Enter your mobile number or email address below and we'll send you a link to download the free Kindle App. Then you can start reading Kindle books on your smartphone, tablet, or computer - no Kindle device required.
To get the free app, enter your mobile phone number.
Nothing Lasts Forever Hardcover – October, 1979
The Amazon Book Review
Author interviews, book reviews, editors picks, and more. Read it now
Customers who viewed this item also viewed
What other items do customers buy after viewing this item?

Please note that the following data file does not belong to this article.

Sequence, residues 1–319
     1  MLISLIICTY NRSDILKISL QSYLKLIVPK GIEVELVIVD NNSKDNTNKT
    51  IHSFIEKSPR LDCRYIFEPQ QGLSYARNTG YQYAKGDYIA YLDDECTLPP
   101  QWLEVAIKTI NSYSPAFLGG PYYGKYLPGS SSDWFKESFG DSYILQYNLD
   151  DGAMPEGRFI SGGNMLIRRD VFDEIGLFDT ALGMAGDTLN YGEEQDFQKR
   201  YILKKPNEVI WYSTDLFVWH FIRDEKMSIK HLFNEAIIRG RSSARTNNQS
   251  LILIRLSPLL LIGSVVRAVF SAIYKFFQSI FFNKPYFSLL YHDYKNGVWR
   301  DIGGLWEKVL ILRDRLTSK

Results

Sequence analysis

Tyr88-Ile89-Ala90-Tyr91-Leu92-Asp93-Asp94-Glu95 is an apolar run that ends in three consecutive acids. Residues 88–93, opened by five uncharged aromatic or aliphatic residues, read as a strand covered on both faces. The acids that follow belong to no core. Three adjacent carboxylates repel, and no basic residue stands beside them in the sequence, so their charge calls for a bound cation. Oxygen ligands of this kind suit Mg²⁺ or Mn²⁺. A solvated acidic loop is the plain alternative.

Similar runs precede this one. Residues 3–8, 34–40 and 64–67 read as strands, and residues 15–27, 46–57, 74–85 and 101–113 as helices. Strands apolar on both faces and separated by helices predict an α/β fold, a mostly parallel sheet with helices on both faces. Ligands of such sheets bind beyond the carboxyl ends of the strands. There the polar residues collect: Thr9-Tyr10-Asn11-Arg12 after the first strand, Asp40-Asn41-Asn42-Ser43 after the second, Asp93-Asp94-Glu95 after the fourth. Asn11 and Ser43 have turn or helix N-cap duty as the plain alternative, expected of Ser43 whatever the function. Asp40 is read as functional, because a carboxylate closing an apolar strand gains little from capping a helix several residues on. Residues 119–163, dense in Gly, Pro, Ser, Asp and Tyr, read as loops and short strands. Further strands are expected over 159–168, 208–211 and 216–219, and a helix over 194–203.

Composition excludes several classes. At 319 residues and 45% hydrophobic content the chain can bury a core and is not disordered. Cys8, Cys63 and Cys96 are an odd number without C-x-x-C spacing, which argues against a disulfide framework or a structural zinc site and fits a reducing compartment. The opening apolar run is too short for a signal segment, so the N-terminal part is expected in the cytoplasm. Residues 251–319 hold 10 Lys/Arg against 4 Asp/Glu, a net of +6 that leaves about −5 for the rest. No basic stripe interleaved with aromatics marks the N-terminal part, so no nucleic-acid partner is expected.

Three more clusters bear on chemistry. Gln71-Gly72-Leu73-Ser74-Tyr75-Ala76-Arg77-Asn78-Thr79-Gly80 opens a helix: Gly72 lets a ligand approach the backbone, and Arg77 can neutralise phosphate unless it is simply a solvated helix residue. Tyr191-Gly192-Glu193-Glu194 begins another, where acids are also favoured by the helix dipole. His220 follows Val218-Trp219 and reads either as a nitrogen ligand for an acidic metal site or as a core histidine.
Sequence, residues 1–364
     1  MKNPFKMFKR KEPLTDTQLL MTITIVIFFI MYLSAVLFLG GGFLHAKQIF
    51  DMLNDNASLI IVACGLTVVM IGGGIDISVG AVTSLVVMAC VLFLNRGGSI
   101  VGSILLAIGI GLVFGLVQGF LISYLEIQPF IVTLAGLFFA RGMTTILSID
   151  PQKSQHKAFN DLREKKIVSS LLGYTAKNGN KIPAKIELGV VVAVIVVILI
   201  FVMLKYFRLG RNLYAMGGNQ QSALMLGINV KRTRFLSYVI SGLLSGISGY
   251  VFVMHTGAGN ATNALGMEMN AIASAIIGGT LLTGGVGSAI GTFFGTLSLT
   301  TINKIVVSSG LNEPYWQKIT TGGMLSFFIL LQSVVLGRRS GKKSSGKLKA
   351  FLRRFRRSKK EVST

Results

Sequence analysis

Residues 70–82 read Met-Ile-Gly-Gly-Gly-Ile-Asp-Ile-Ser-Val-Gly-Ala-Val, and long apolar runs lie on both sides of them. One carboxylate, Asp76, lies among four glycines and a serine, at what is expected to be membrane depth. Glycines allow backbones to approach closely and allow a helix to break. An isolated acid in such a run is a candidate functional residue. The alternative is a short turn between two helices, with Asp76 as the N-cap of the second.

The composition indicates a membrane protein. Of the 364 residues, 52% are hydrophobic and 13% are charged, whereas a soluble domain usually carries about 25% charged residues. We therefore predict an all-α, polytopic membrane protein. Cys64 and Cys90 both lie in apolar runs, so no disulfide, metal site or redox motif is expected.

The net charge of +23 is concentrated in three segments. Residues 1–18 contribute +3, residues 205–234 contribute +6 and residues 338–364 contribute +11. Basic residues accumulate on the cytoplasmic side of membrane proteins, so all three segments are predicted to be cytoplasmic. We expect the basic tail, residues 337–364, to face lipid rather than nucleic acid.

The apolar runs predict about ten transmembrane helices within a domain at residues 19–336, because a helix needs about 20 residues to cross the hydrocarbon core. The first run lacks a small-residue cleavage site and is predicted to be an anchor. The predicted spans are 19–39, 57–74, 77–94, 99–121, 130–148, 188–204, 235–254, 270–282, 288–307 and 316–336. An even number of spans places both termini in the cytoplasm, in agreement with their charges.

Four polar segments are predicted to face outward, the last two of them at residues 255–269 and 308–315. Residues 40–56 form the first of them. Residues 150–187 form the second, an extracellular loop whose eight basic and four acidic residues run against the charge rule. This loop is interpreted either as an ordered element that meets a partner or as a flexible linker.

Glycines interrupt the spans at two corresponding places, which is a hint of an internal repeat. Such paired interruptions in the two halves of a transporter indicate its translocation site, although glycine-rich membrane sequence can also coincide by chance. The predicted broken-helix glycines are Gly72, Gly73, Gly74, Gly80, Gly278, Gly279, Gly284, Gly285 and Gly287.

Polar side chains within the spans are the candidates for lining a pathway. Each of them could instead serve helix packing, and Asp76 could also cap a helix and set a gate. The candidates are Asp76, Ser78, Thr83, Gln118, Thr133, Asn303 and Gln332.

Novel That Inspired 'Die Hard' Returns to Print After 20 Years. Roderick Thorp's Nothing Lasts Forever was adapted into the iconic franchise's first film. Die Hard has returned, and not just to movie theaters. The book that inspired the original film is back in print after 20 years. Late author Roderick Thorp's Nothing Lasts Forever is being released in trade paperback and ebook by Graymalkin Media to mark the 25th anniversary of its original publication. The book was adapted into 1988's Die Hard. But before Bruce Willis brought New York cop John McClane to life, he was an idea scrawled in Thorp's notebook. (The cop is named Joe Leland in the novel.) The ebook includes copies of Thorp's notes, the first time they have been published. He wrote them while living in Laurel Canyon, his house overlooking a high-rise building on the Wilshire Corridor. (That building became the inspiration for the one taken over by terrorists in the book.) Just as there are no flashbacks, there are no shifts in point of view. Everything is told -- discovered from Leland's interior, Thorp wrote in his treatment for the novel. Before Willis ultimately took the role, a number of other stars turned it down. The first to pass was Frank Sinatra, who played Joe Leland in The Detective (1968), based on Thorp's novel of the same name. Other stars who declined to play the now iconic role included Arnold Schwarzenegger, Sylvester Stallone, Burt Reynolds, Richard Gere, Harrison Ford and Mel Gibson. 'Die Hard very closely follows the book, so reading Nothing Lasts Forever gives fans the chance to enjoy the thrill of the Die Hard story in more detail, experience the scenes that didn't make it into the film, and discover the novel's shocking ending' said Graymalkin Media Owner and CEO David Zindel. --The Hollywood Reporter, 2/23/2013 by Aaron Couch --This text refers to the Paperback edition.